NEW YORK — It takes either a brave man or a delusional one to mount a primary challenge against a president with 90 percent approval in his own party. That’s what former Massachusetts governor William Weld has done in taking on President Trump. But when, during an interview in my office last week, I suggested that he might be on a kamikaze mission, he airily waved those concerns away.

“Well, I’m spending a lot of time in New Hampshire, and I’m seeing Trump fading and we’re coming up,” he told me. “I started to sense that in August when more people were coming up to me in the street and saying, ‘Hey, Governor. Great to see you, saw you on TV, heard you at this and such meeting,’ as opposed to me going over to them saying, ‘Hi, I’m Bill Weld, I’m running for president as a Republican against Mr. Trump.’ So the president did not have a good August, and then he had quite a bad September. . . . I’m still way behind, but at least it’s not 98 to 2!”

A congenital optimist in the mold of his hero Theodore Roosevelt, Weld hopes to rival the 42 percent that Eugene McCarthy received against President Lyndon B. Johnson in New Hampshire in 1968 and the 37.5 percent that Pat Buchanan received against President George H.W. Bush in 1992. There is no sign that either Weld — or former Rep. Joe Walsh, the other GOP primary challenger — is anywhere close to that level. (Trump’s worst poll in New Hampshire, from mid-October, had Weld at 14 percent and Walsh at 5 percent.) But Weld is hoping that Democrats reregistered as undeclareds — voters with no party affiliation can vote in either party’s primary in New Hampshire — in order to strike an early blow against Trump.

He is also optimistic that the impeachment proceedings will damage Trump. Another primary challenger, former congressman Mark Sanford, has already pulled out, Weld told me, because he worried “that the impeachment is going to suck all the oxygen out of the room so no one will hear him talk about the deficit.” Weld, by contrast, says “that impeachment could put some oxygen into the room.”

This faith is hard to sustain when even retiring Republicans such as Reps. Will Hurd (Tex.) and Mac Thornberry (Tex.) continue to defend Trump’s conduct as “inappropriate” but not “impeachable.” But Weld told me: “I’ve been a litigator for a long time, and I’ve seen cases that looked a lot different at the end than they did at the beginning because the weight of pretty much incontrovertible sworn testimony and documentary evidence can create hard facts. And as John Adams said, ‘Facts are stubborn things.’ ”

Of course, Adams spoke in the days before Fox News made facts into malleable things. But Weld points out that impeachment and removal are already favored by roughly 50 percent of the public. If that number goes up to 60 percent, he argues, Republican senators could begin to ditch Trump as a political liability.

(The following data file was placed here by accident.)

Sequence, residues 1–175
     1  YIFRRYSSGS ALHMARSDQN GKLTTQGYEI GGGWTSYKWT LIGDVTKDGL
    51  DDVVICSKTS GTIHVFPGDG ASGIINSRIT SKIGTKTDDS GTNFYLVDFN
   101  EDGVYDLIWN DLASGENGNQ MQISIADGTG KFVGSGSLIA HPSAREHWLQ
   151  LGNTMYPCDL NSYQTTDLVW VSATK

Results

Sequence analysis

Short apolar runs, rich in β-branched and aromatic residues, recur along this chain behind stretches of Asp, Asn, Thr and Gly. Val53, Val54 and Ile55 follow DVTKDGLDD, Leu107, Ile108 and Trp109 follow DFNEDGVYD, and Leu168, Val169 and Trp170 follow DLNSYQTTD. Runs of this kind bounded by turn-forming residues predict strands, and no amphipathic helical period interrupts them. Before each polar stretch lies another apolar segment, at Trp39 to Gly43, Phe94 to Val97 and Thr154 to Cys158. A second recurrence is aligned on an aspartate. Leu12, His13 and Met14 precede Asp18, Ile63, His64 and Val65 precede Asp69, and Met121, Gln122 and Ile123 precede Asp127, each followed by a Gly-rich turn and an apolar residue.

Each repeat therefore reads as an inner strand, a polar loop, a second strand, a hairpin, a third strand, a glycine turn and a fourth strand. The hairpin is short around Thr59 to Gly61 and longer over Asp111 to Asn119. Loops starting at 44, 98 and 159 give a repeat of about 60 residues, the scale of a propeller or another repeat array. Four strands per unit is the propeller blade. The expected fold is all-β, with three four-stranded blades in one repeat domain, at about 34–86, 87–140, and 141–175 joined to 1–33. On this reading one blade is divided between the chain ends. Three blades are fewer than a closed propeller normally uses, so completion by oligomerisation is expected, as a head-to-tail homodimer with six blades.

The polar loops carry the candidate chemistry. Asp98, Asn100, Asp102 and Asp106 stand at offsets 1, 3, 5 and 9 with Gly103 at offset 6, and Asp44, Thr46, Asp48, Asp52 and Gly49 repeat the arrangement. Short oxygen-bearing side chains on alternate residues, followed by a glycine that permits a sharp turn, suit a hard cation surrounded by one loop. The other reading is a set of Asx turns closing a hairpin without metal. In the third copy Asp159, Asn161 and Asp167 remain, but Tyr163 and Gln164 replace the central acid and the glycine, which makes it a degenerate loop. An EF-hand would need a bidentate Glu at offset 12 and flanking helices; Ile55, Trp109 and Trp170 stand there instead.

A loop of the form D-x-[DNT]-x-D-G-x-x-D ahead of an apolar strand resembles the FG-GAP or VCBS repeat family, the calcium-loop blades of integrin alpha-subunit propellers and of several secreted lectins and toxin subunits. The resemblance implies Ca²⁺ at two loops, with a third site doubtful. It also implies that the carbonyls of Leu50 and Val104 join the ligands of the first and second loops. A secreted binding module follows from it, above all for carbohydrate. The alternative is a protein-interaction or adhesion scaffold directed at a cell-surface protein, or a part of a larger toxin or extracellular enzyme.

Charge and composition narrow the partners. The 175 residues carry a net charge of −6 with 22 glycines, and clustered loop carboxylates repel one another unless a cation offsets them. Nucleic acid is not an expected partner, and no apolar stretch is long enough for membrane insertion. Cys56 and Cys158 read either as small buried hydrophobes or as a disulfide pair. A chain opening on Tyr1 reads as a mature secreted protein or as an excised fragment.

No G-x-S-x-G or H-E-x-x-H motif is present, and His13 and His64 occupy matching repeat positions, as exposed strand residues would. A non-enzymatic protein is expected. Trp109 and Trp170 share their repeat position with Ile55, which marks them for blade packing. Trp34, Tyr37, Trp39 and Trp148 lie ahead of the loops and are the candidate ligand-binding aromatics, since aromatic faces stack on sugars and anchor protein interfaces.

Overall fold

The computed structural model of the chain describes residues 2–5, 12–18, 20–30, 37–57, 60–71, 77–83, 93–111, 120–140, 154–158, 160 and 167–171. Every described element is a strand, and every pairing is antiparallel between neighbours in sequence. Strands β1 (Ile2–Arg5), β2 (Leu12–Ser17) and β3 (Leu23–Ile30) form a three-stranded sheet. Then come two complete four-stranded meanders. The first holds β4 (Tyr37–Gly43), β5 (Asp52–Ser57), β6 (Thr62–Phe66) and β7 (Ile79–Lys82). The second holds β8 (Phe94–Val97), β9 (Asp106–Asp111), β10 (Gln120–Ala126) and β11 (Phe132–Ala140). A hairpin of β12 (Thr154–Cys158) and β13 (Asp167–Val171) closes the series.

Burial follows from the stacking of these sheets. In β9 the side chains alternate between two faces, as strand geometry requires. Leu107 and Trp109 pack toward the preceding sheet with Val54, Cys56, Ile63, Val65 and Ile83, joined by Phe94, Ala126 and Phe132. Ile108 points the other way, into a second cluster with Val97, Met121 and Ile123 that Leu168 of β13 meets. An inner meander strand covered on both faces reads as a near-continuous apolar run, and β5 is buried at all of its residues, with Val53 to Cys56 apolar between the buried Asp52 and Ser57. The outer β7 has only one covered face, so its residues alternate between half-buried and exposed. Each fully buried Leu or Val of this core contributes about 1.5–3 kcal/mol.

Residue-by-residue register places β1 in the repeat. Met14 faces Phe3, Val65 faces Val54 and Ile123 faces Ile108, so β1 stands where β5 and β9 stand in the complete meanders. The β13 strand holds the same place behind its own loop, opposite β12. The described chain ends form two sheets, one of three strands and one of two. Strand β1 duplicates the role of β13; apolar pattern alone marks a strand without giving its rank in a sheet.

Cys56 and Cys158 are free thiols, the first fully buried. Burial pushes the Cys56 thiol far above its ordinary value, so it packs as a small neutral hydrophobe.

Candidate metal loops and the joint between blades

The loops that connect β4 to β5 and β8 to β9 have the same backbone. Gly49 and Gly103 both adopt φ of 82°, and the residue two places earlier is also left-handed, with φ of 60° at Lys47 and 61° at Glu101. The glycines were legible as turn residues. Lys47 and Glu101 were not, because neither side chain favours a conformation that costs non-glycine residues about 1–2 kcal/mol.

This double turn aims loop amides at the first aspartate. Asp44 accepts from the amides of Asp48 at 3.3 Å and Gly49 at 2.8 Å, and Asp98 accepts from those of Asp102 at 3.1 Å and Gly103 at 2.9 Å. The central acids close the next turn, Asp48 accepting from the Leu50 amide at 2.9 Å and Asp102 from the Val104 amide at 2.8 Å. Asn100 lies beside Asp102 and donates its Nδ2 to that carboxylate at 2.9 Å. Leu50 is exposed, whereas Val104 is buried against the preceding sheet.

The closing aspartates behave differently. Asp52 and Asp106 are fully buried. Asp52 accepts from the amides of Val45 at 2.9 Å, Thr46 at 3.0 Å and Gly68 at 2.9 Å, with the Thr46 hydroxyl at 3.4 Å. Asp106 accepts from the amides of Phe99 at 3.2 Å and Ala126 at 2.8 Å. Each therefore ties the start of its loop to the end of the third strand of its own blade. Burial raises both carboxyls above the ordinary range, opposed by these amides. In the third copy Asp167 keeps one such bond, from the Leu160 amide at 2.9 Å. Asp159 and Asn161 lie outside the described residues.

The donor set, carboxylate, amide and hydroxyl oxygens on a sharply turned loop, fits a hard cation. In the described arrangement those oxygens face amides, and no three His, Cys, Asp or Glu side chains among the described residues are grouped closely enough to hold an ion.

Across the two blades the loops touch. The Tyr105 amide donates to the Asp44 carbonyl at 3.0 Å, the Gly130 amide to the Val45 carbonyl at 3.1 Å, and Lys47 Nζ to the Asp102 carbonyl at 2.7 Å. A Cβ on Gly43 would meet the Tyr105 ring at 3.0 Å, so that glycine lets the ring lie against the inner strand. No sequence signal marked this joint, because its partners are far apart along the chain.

Weld fears that, despite the devastating revelations about Trump’s dirty dealings in Ukraine, the president could still win reelection against a far-left opponent. “He beats [Elizabeth] Warren any day,” he said, “because she is completely dug into the position that the private sector doesn’t create any jobs, they’re all created by government.” (He is referring to Warren’s version of President Barack Obama’s “you didn’t build that” refrain to suggest that all job creation is the result of public sector investments.) “My nightmare is Warren loses to Trump if Trump is the nominee, which is why I’m trying to do something about it.”

It is too bad that Weld is not getting more traction, because I am convinced he would be a better president not only than Trump (a very low standard) but also than any of the Democratic front-runners. A quintessential moderate — a fiscal conservative and social liberal — Weld is also, as he told me, “a proven reacher-across-the-aisle. . . . The atmosphere in Washington would change radically on Day One if I were to replace Mr. Trump.” He has the right temperament for the office: “I’ve always been very comfortable in my own skin, and I’m a calm and relaxed person.” The contrast with the dyspeptic incumbent is so obvious that he doesn’t even have to draw it.

The problem is that Weld hasn’t won an election since 1994, and only recently returned to the Republican Party after having been the Libertarian vice presidential nominee in 2016. But he is an attractive, quirky figure who might — just might — catch on in the first-in-the-nation primary. If billionaires such as Tom Steyer and Michael Bloomberg really want to stop Trump, they wouldn’t be running themselves; they would be devoting big bucks to funding Weld and Walsh to soften up Trump in the primaries (while also funding moderate candidates in the Democratic field).

Remember that neither Lyndon Johnson nor George H.W. Bush survived weaker-than-expected showings in New Hampshire. Trump may be unstoppable, but he is more likely to suffer a serious setback among the flinty voters of the Granite State than among the quivering mass of Republican weaklings in Washington.

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